I have long thought that defining private governance is trickier than most people acknowledge. Edward Stringham and Aaron Ross Powell have been debating its meaning, thereby illuminating some of the difficulties. I will restrict my remarks to territorial governance as Stringham and Powell have done.
First, I would like to note that the conversation has drifted a little. At some points Stringham and Powell are discussing private governance, at others they are discussing states. These topics are related, but not identical. In my response I will first define state then review several thought experiments to illuminate what private governance is.
I prefer Weber’s definition of a state, a territorial monopoly of force. This means that a sovereign privately developed and owned city would be a state, contrary to Stringham.
There are three facets which can help define territorial private governance. The first facet involves the decisionmaking process of the governing body. The second facet involves the acquisition of the territory on which the body governs. The third facet is the size of the population in question. Ultimately I argue that the definition of private governance is somewhat nebulous, and that that is ok.
In this essay I will use examples of several types of territorial governance structures, by which I mean any body with decisionmaking authority over a given territory. I am assuming that the territorial governance structures have sovereignty over their territory, that is, they are not subordinated to any broader governing body.
The first facet is the decisionmaking process of the governance body. Assume a developer wants to build a new independent city. They justly acquire the land under allodial title. After building the attractions of the city, the developer now has two choices. First, they can establish a home owner’s association (HOA), giving up decisionmaking rights. Second, they can lease the land, retaining decisionmaking rights, a setup known as a proprietary community. A third option not available to the developer is simply to exist as a democratic socialist state. There are now three contrasting decisionmaking processes over a potential city-state in addition to traditional government.
The second facet is the consent when establishing a governance body. One can establish a governance structure with no consent, universal consent, or anywhere in between. Establishing a territorial governance structure with no consent would be the conquest of a new region. An example of establishing a governance structure with universal consent would be a company buying land and building a new city, Jamshedpur India for example. The Swiss state is an example of a governance structure being established with partial consent.
The final facet is the population in question. Does private governance become public when a certain number of people are subject to their decisions?
There are various thought experiments with these facets to test our intuitions about what private governance is.
Take, for example, a developer wanting to build a city-state. They try to copy an existing government. To do so the developer creates an HOA, basing the constitution and procedures on the existing government. After finishing there are two city-states, one governed by a government and one by an HOA. However, they are functionally the same, they have the same decisionmaking process, and they have the same outcomes.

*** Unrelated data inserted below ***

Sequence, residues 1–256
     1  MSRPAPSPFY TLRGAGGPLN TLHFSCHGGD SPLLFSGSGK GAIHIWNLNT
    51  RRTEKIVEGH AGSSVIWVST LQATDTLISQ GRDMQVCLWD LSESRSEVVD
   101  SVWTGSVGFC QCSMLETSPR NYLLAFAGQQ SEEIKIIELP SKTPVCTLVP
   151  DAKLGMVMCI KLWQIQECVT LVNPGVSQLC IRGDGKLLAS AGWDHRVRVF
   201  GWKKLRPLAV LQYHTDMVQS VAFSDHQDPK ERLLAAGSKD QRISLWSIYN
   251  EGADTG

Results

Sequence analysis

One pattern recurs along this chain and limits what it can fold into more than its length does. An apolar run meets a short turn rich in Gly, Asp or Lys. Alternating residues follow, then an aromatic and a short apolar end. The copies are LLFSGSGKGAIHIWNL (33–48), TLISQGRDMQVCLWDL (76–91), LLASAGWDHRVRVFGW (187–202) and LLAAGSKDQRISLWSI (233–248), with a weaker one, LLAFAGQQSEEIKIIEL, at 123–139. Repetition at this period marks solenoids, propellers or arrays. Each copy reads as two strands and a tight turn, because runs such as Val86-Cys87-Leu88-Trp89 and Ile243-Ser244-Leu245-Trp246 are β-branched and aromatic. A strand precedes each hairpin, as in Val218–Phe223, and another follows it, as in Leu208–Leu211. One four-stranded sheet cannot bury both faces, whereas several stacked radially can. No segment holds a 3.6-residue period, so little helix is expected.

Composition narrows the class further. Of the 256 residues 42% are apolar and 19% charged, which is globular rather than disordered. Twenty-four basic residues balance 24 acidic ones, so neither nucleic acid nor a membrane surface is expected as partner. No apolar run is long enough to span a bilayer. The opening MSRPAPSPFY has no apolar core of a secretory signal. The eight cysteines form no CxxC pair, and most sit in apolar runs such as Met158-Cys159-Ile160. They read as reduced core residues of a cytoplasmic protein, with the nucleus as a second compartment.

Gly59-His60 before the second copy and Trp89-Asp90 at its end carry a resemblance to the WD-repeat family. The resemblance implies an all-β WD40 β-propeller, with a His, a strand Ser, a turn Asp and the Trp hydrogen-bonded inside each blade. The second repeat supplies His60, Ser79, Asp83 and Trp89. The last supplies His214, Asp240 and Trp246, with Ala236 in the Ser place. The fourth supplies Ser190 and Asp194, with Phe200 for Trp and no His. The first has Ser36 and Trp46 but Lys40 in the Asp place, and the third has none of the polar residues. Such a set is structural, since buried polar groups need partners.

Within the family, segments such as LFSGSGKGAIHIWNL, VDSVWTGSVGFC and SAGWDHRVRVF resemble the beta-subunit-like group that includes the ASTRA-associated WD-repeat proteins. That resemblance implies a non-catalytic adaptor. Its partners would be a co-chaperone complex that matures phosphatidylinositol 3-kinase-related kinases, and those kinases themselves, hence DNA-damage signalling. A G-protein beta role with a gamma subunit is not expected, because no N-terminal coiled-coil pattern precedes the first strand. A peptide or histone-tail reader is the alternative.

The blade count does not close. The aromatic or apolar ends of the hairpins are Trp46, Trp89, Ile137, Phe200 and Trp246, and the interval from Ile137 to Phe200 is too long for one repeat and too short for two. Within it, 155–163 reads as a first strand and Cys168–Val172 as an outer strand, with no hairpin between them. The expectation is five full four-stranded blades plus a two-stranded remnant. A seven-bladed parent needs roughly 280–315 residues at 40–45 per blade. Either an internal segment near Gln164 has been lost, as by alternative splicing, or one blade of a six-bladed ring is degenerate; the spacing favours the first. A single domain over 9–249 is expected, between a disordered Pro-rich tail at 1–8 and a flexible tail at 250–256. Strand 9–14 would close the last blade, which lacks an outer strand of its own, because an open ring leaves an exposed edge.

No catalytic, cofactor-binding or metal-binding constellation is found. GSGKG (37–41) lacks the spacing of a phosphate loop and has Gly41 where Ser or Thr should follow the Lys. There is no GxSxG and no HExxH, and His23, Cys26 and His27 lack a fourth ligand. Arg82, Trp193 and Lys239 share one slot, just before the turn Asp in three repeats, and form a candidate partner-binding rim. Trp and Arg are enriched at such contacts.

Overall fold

If the developer instead chooses to lease the land, rather than establishing an HOA, the governance structure would look different. However, assume the developer likes the idea of both an HOA and retaining ownership. The developer could lease the land for 1000 years and grant an HOA decisionmaking authority for those 1000 years. The city is still privately owned, but with a governing structure identical to a traditional government.
Regarding consent when establishing the governance body, assume two identical cities. Both are governed by a traditional democratic socialist state. Both have existed about the same amount of time. However, one was founded by conquest while the other was founded on a deserted island. In other words, they are functionally identical but differ in the consent levels during the founding.
Now, assume the two cities are both privately owned. A corporation retains ownership over the land. The corporations have the same governance structure. However, one city was founded by conquest and the land for the other was legitimately acquired.
Lastly, does size impact whether something is considered public or private governance. Is an HOA of two people public governance? What about a proprietary city of 10,000,000?
For what it’s worth, here’s my intuition. An HOA is public governance. Initial consent is irrelevant to considering whether something is public or private governance. And a proprietary community of a sufficient size can be considered a form of public governance. That being said, reasonable people can disagree. However, the fact that the lines between private and public governance are not clear does not mean the concepts are indistinct, after all, night and day are distinct even though dusk and dawn still exist.